In collaboration with Fellous and colleagues,1 we recently described regions of healthy human liver with a deficiency of cytochrome c oxidase (COX) containing somatic mitochondrial DNA (mtDNA) mutations.2 These findings confirmed the clonal origin of the COX-deficient hepatocytes, and their distribution suggested a periportal origin. Here, we show for the first time that the hepatocytes within the COX-deficient patches originate from the periductular region (canals of Hering), where a hepatocyte stem cell population must reside.
We used sequential COX–succinate dehydrogenase (SDH) histochemistry to identify regions of human liver containing cells potentially derived from a single precursor cell (Fig. 1A,B). We subsequently sequenced the entire mtDNA from different regions of the same COX-deficient region and adjacent liver. In each case, we indentified the same clonally expanded mtDNA mutation throughout the COX-deficient zone, and the mutation was not detected in adjacent normal liver (Fig. 1C). As in our previous work,1 the presence of only mutated mtDNA throughout the COX-deficient region (mtDNA homoplasmy) indicates that the mutation arose in a common precursor cell. Some of the COX-deficient regions were large, extending up to 600 μm in approximate diameter, demonstrating the extent of the region repopulated by a single precursor. All of the COX-deficient regions were contained within a single lobule, with no evidence of extension from one lobule to another.
Several COX-deficient zones contained at least two somatic mtDNA mutations (Fig. 1D). Cells more distant from the portal tract had additional rare mutations not present in cells closer to the tract, and never the other way around. The most likely explanation is that, as the daughter cells migrate away from the bile duct, some acquire additional somatic mtDNA mutations. This is consistent with “the streaming liver” hypothesis, where regenerating hepatocytes arise from a stem cell population in the canal of Hering and move outward into the liver parenchyma.2 As previously observed,1 the COX-deficient zones were morphologically normal, and in some healthy aged subjects, up to 5% of the liver showed a COX defect despite having normal biochemical indices of liver function. A strong selection bias, either for or against the mtDNA mutations, therefore seems unlikely. This is supported by our observation of clonally expanded synonymous mtDNA substitutions in regions with normal COX activity, which have presumably accumulated through random genetic drift.3 The mtDNA mutations therefore appear to be a reliable marker of hepatocyte lineages.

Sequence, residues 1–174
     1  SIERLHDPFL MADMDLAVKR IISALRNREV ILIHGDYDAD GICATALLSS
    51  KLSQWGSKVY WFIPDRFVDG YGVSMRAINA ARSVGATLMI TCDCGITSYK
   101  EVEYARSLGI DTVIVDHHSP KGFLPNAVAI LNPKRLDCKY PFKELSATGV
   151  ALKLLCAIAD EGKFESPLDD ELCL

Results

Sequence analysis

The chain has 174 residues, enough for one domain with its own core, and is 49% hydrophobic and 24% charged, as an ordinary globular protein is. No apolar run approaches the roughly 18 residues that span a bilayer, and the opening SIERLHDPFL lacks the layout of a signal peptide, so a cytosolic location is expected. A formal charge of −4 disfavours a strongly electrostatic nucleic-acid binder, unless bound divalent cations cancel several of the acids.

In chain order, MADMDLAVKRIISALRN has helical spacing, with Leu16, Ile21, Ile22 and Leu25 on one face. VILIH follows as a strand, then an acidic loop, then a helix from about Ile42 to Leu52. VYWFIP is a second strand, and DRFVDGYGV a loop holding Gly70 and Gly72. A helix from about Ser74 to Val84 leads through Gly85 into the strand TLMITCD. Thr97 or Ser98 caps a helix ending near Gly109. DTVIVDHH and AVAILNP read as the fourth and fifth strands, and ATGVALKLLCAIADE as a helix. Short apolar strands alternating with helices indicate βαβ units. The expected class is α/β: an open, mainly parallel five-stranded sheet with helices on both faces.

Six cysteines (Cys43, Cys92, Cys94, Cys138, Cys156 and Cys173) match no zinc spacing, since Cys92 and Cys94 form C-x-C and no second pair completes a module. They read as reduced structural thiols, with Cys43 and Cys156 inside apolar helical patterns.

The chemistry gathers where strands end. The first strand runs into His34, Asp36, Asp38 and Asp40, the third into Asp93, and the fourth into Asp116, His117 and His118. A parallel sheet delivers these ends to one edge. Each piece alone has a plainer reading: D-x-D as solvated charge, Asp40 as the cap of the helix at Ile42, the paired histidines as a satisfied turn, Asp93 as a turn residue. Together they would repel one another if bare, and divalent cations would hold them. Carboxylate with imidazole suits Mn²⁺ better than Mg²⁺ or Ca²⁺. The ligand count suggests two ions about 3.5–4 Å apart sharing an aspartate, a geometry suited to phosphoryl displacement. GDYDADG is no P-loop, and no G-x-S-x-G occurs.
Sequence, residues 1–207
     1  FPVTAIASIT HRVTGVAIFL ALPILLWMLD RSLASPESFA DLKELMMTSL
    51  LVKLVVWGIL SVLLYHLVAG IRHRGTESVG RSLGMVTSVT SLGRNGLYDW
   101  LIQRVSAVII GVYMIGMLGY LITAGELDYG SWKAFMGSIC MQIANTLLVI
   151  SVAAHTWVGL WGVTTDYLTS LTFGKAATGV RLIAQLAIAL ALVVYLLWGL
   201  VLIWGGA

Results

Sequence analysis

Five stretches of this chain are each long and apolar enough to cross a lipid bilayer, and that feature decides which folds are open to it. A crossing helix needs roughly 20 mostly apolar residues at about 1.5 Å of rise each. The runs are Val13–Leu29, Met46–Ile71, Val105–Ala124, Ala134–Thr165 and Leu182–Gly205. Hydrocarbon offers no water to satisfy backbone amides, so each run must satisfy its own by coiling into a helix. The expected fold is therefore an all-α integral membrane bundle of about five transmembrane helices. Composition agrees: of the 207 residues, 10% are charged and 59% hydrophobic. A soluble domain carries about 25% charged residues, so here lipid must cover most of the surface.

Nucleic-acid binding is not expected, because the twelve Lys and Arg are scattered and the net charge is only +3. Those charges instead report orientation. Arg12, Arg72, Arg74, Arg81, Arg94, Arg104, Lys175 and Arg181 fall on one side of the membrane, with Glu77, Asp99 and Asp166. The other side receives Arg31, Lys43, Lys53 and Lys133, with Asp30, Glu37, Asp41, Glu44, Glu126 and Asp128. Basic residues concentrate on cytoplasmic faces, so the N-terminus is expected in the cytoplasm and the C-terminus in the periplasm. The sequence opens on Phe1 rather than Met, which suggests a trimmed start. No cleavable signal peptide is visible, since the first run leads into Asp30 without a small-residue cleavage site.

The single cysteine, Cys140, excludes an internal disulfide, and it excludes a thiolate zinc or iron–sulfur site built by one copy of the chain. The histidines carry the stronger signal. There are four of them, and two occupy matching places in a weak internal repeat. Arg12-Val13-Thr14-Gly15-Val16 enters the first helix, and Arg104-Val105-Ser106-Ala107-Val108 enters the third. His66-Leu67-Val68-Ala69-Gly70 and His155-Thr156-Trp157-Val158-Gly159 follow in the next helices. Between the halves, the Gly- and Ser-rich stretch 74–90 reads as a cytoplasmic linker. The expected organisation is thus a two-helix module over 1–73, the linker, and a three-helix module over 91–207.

The prevailing view is that mature hepatocytes divide every year, gradually replacing adjacent liver cells. On the other hand, stem cell activation is only thought to occur after an acute insult, or after chronic liver damage when the capacity for mature hepatocyte division has been overwhelmed. Our observations indicate that the stem cell population is active in healthy liver and contributes to hepatocyte turnover. Although we found no evidence that the mtDNA mutations compromise liver cell function, there is emerging evidence that stem cell proliferation could be compromised by somatic mtDNA mutations. If correct, then this could explain why the prognosis following acute liver insult is worse in older subjects.4, 5